A sense of accomplishment is vital for workers who are uncertain when they will return to the office. Increased communication from managers and clarity about goals and how performance is being measured helps workers maintain a sense of their performance. Writing for Forbes.com, leadership coach Chris Westfall offers these tips for helping workers be more productive in WFH settings:
Help workers get comfortable
We’ve all heard horror stories about people trying to get through their work days from makeshift work spaces and turning clothes hampers and ironing boards into desks. Many employers are offering WFH stipends to help workers purchase home office equipment. Shopify and Twitter gave their employees $1,000 each for better chairs, standing desks, improved lighting and other WFH equipment.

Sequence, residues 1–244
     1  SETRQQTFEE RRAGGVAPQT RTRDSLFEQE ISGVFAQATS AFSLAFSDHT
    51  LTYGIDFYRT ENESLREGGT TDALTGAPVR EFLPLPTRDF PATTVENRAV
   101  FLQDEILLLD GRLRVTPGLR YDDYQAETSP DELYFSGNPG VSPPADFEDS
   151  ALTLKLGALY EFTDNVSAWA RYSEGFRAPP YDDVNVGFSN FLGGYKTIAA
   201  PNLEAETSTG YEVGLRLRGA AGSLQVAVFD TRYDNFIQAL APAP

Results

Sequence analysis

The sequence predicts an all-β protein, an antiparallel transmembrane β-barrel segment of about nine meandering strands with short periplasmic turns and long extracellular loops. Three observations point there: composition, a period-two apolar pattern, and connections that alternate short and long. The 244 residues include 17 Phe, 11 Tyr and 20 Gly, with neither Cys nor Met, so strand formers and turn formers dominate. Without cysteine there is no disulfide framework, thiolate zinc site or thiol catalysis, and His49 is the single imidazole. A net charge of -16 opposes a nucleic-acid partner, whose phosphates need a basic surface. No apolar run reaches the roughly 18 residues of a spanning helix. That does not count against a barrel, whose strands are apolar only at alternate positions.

Encourage work boundaries
If workers are always on, their work over the long term will suffer. This ties closely to creating a separate work space. Physical boundaries between work space and living space can help workers set regular schedules and shut down at the end of a work shift.
Reconfigure the water cooler
Spontaneous office chats that foster camaraderie and creativity are no longer happening. Leaders need to schedule times for team interaction and encourage similar discussions using Slack, Teams or similar technological tools that allow for impromptu chatter. Being isolated doesn’t mean teams can’t stay connected.